- Associated Press - Sunday, February 12, 2012

DALLAS — In just the past few days, she’s danced with cheering schoolchildren, chatted with troops, swapped ideas with busy parents and engaged in a friendly cooking competition with stars from “Top Chef.”

Michelle Obama’s national tour was intended to promote the second anniversary of her campaign against childhood obesity. The images have been disarming, intriguing and nonpolitical, just the type of thing her husband’s re-election campaign can’t get enough of.

Five years to the day after then-Sen. Barack Obama announced he was running for president, Mrs. Obama’s travels this past week offered fresh evidence of what an outsized role she’s assumed in the public eye and how powerful a political asset a first lady can be.

Make no mistake, Mrs. Obama said she’s “incredibly enthusiastic” about making the case for her husband’s re-election.

Simply put, “I want him to be my president for another four years,” she said in a 40-minute interview Friday with a few reporters.

In recent weeks, Mrs. Obama has seemingly been everywhere: doing pushups with Ellen DeGeneres, serving veggie pizza to Jay Leno, playing tug-of-war with Jimmy Fallon in the White House. Then came the tour of Arkansas, Florida, Iowa and Texas to mark the two-year point for her “Let’s Move” initiative.

The first lady draws a line between her policy efforts on childhood obesity and her political activities. But such distinctions often are lost on the public.

“This is a bit of a two-fer,” Mrs. Obama said in her interview on Friday, “because it’s an issue that I care about, and it’s an issue that’s important to the country. … I want to make sure that what I do enhances him.”

The first lady added that she knew from the beginning of her husband’s presidency that she had to choose issues that were important to her personally because “if you’re just doing it for political reasons, or there’s some ulterior [motive], people smell that out so easily, and it’s hard to sustain.”

To a more limited extent, Mrs. Obama also fills a more overtly political role by headlining private fundraisers that raise millions for her husband’s campaign, reaching out to supporters through conference calls to various states and shooting out periodic emails to campaign backers around the country.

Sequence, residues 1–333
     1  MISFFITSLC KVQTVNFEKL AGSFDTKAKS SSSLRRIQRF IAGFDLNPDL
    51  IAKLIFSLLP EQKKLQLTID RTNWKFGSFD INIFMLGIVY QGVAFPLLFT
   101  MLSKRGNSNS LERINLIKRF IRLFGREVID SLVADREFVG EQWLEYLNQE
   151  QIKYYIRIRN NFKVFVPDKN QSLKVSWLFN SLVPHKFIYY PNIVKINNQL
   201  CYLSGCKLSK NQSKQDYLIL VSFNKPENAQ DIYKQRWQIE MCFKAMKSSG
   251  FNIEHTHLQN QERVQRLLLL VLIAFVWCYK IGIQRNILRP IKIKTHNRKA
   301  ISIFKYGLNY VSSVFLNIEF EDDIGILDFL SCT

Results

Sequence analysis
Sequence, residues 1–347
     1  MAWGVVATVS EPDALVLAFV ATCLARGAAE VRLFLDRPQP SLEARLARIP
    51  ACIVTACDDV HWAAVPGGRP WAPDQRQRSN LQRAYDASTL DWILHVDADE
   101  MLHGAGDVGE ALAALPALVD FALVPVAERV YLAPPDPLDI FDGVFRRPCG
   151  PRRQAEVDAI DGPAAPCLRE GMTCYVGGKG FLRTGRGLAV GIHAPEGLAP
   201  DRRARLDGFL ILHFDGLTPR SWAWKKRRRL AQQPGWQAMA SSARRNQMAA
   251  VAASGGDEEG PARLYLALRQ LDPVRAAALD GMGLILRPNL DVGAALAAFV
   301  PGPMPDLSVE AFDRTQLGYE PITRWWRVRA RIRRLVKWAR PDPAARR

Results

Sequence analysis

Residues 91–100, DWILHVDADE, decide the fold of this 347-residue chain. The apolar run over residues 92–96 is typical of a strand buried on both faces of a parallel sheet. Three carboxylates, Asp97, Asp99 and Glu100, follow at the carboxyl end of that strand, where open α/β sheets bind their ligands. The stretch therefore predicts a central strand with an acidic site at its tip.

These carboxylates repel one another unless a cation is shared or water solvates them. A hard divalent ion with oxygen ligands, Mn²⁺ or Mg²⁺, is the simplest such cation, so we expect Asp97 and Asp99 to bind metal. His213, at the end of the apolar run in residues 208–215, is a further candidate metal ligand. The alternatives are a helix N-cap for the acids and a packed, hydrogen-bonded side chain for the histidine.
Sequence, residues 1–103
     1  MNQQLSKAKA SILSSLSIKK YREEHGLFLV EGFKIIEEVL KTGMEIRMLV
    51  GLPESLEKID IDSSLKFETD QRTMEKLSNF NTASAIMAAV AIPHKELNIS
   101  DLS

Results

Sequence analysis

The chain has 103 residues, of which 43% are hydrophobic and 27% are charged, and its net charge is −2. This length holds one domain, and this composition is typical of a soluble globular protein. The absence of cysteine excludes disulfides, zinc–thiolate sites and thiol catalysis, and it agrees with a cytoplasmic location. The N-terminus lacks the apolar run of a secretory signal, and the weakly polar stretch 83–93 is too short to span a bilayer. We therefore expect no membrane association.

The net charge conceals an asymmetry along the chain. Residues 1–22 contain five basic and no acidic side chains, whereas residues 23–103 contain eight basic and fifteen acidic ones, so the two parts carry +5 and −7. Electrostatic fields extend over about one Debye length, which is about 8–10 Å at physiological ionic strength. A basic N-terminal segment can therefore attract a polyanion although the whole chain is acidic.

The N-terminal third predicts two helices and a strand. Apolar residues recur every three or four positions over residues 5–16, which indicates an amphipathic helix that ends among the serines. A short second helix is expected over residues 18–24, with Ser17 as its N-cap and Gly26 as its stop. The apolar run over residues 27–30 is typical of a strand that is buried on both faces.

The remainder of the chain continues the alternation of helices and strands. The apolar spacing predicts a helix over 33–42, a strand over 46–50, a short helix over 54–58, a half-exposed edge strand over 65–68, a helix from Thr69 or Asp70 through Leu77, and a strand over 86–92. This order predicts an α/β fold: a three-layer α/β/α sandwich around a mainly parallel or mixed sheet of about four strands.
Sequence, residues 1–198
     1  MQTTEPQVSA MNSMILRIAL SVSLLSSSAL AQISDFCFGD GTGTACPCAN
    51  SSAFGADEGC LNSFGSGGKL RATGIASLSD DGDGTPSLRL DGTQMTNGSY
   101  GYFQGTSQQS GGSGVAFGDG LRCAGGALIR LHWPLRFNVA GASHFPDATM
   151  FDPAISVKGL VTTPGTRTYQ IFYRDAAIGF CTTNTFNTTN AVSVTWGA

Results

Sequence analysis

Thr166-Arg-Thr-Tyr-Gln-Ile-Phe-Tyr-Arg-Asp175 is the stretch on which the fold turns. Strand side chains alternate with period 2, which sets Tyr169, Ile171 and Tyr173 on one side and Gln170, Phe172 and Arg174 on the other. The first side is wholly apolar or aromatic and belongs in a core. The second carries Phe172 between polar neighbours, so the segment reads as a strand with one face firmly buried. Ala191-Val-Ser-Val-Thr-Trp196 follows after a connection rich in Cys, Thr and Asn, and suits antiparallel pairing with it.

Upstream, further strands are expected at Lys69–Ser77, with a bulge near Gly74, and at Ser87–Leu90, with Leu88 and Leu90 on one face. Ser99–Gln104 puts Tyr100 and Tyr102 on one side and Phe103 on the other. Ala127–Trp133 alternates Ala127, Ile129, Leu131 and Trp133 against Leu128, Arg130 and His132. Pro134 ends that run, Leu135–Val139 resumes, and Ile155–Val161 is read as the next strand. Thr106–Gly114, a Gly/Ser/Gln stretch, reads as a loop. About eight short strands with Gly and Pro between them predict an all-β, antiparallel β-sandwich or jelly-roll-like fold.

That part of her labors will increase considerably in the months to come.

But the first lady said she’s careful to protect her time as “Sasha and Malia’s mom.”

“My approach to campaigning is, ‘This is the time that I have to give to the campaign, and whatever you do with that time is up to you, but when it’s over, don’t even look at me. … No calls. No anything.”

For now, the first lady’s most visible role is tied to her signature issue of fighting obesity, allowing her to connect with voters on an emotional level and relate to them as a mother who has struggled with some of the same challenges that other families face.

“We’re constantly trying to make sure that what we do is on point with what is going on in people’s lives,” Mrs. Obama told parents this past week as she chatted with them over low-calorie plates of chicken and pasta at an Olive Garden restaurant in Fort Worth, Texas. “I mean, at one point, I was normal. I went to the grocery store, and I did all that.”

While the president’s favorability ratings and those of Vice President Joseph R. Biden slipped considerably over their first three years in office, Mrs. Obama’s have remained strong.

Mr. Obama’s favorability rating now stands at 51 percent; Mr. Biden’s at 38 percent. By contrast, 66 percent of Americans have a favorable opinion of the first lady, about even with her ratings on Inauguration Day, according to the Pew Research Center.

That’s about where Laura Bush stood in the fourth year of her husband’s first term, and it’s considerably higher than Hillary Rodham Clinton’s 42 percent at the start of her husband’s fourth year as president.

Mrs. Obama is particularly popular with women and younger Americans, polling shows. And she does well with the moderate and liberal Republicans and independents whom Democrats will try to lure away in the fall elections.

So far, Mrs. Obama has headlined 32 fundraisers over the past 10 months, including six this year. Tickets to her political events range from $100 to $10,000, making them more accessible than higher-dollar fundraisers for the president. And her political schedule includes smaller cities, such as Charlottesville, Va., and Cape Elizabeth, Maine, that aren’t likely to draw a presidential visit.

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